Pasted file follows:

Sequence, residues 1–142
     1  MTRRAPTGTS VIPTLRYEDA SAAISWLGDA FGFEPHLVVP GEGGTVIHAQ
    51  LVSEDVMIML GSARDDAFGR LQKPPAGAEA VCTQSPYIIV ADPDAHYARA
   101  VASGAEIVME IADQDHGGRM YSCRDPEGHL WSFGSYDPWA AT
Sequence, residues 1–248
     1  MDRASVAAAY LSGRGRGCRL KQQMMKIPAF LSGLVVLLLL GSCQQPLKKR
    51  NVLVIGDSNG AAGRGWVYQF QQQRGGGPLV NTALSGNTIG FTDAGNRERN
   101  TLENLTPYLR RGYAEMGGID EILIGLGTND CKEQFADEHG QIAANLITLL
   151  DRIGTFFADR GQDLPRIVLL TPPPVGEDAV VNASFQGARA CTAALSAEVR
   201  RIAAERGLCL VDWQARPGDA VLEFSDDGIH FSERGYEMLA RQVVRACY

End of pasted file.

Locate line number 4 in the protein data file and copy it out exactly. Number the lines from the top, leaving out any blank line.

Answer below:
   101  VASGAEIVME IADQDHGGRM YSCRDPEGHL WSFGSYDPWA AT